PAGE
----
Notably similar to the exit polls conducted a week ago in Florida, Missouri, Ohio, Illinois, and North Carolina, in which 39 percent said they’d consider a third party if forced to choose between Trump and Hillary. What’s interesting about this result, from CNN’s national poll, is that Trump does very well in other metrics. At 47 percent, he’s near a majority and leads Cruz by 16 points. When Republican registered voters and leaners are asked whether they’d feel “dissatisfied” or “upset” if Trump, Cruz, or Kasich wins the nomination, Trump actually scores lowest on the combined totals for those two answers. He leads among those who say they’d be “upset,” but together with “dissatisfied” he’s at 33 percent versus 38 percent for Cruz and 46 percent for Kasich. At lot goes into that, I think — some people may be “dissatisfied” with Kasich as nominee purely because he’s an also-ran, others may be dissatisfied because he’s a centrist and not a conservative. But it’s worth noting these numbers in light of all the #NeverTrump buzz in conservative media.
In fact, my big knock on CNN in this poll is that they didn’t ask the third-party question vis-a-vis Cruz or Kasich being nominated for comparison. How many Republicans would bolt the party if one of them ends up crowned in Cleveland? As it is, here’s what happens when you ask GOPers whether they’d support an independent candidacy and, if not, why not. Note that those who are comfortable with Trump are just one-third of the party, which is … an odd result when you consider that he’s pulling 47 percent overall.
In addition, 46 percent(!) of Republicans expect that the party will remain divided come November, which means a lot of people already have a third-party candidacy on the brain. If you’re Tom Coburn, you could look at that data and convince yourself that an independent bid has room to grow if GOP voters in the “No, it’ll lead to a Democratic win” category can be convinced that he, not Trump, is a bigger threat to defeat Hillary. Something like that happened in the Colorado gubernatorial race a few years ago when Dan Maes, the Republican nominee, was crippled by scandal and ended up being deserted by droves of Republican voters in favor of third-party Republican Tom Tancredo. (John Hickenlooper, the Democrat, won with more than 50 percent of the vote. Tancredo finished with 36 percent, 25 points ahead of Maes.) Hard to imagine any of Trump’s core voters leaving him for any reason, though, which means his absolute floor would be something like 17 percent of the total electorate. If a third-party candidate is destined to lose at least that much on the right plus a minimum of 48 percent on the left, there’s no rational reason for a “beat Hillary at all costs” Republican voter to abandon the GOP nominee for him. You’re better off sticking with Trump and hoping that Coburn or whoever doesn’t pull too many conservative votes away.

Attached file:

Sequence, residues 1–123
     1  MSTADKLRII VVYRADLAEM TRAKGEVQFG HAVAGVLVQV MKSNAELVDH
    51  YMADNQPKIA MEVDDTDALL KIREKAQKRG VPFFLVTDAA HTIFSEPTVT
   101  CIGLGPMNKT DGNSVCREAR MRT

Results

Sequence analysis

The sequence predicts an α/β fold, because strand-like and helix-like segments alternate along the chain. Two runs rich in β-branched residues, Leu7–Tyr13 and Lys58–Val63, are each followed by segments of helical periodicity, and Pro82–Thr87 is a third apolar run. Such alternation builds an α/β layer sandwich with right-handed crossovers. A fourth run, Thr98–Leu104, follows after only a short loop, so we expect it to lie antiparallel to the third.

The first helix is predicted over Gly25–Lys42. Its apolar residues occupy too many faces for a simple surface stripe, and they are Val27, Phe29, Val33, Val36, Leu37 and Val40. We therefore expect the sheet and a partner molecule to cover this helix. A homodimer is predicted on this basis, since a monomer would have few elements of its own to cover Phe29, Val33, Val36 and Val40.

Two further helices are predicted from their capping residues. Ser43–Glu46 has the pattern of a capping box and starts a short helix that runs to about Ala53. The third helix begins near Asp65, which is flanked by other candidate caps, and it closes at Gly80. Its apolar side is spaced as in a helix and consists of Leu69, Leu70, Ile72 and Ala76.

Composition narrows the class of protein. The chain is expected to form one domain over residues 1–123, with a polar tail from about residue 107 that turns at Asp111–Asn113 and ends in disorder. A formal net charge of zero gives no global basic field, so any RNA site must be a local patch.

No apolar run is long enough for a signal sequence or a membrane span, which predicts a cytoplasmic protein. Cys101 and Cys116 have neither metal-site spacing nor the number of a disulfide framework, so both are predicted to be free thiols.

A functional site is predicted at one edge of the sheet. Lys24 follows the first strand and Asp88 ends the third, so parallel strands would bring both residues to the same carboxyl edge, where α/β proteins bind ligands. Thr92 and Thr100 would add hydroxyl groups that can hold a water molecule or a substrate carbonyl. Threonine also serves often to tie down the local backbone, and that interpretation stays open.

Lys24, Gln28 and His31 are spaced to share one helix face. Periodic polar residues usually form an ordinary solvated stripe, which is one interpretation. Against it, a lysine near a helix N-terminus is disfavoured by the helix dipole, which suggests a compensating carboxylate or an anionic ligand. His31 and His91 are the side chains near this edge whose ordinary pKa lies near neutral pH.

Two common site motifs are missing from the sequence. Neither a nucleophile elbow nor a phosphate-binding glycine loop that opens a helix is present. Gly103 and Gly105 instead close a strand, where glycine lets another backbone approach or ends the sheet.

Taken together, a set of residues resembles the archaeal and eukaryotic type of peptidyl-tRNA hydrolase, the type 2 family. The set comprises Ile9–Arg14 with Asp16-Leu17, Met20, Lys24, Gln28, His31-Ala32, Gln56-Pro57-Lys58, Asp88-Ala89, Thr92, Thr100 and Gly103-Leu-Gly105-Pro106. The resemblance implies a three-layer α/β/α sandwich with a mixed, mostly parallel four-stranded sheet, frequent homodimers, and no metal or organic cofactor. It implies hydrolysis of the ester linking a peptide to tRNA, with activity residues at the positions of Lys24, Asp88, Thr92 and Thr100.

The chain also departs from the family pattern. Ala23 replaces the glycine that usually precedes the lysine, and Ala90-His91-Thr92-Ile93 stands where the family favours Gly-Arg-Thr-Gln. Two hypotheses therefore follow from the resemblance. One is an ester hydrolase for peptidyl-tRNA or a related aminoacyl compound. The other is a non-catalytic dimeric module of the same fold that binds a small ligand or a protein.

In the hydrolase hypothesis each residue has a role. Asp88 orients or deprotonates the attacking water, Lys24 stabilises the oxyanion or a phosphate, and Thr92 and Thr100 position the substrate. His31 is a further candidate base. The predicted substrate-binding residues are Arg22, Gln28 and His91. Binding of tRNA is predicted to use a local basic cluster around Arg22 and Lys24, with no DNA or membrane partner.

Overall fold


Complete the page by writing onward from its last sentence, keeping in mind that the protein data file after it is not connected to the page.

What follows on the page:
There’s lots of good news for Trump in this poll and the other new national survey from CBS, though. For instance, CNN finds that 60 percent of Republicans think the candidate with the most support in the primaries and caucuses should be named GOP nominee if no one has a majority of delegates at the convention, a big problem for Cruz’s perceived legitimacy if he makes it to Cleveland and somehow ends up on top. Likewise, when CBS asked if it’d be a good thing, a bad thing, or would make no difference if GOP delegates nominated someone who didn’t finish with the most delegates after the primaries, Republicans split 14/65/16. That might matter in May as undecided voters in the remaining states try to decide between Trump and Cruz; if they feel a Cruz nomination in Cleveland would be illegitimate, it might lead them to break for Trump and help him clinch beforehand.
CBS also backs up CNN by finding that Trump isn’t unusually unpopular among Republican voters compared to Cruz, which would explain why Cruz hasn’t surged despite the consolidation of the field lately. Just 17 percent of Republicans say they’d never support Trump; 19 percent say so of Cruz. (#NeverCruz?) More Republicans also say they’d support Trump enthusiastically or with reservations than say so for Cruz. Cruz isn’t even the second choice of a plurality of Republican voters. At 37 percent, Kasich is; Cruz is at 30 percent by comparison. Combine their first and second choice numbers and Kasich is actually slightly ahead(!), 57/56. Kasich also bests Cruz when GOP voters are asked who’s more honest and shares their values. This is not the stuff of which late primary surges are made, assuming the numbers are accurate. We’ll have a better sense from Arizona and Utah in a few hours.